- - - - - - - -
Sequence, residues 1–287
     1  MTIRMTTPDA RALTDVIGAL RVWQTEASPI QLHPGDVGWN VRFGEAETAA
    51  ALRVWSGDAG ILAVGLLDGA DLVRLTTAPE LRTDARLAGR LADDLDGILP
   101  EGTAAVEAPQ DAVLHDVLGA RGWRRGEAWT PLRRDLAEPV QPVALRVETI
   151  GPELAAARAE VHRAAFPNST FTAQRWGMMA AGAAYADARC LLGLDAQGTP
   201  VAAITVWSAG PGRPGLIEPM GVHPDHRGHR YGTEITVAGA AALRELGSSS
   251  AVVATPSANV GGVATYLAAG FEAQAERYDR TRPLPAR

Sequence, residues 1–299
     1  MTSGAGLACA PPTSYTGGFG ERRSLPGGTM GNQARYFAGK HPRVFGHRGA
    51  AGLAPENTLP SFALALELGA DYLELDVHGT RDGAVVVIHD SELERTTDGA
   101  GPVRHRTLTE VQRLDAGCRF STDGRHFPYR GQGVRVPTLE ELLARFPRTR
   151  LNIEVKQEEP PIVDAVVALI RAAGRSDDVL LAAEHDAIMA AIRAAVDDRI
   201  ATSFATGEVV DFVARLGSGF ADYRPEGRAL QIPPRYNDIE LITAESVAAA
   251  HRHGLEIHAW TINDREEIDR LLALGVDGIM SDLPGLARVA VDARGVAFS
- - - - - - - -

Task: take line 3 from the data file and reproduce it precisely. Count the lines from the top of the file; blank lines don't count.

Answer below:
    51  ALRVWSGDAG ILAVGLLDGA DLVRLTTAPE LRTDARLAGR LADDLDGILP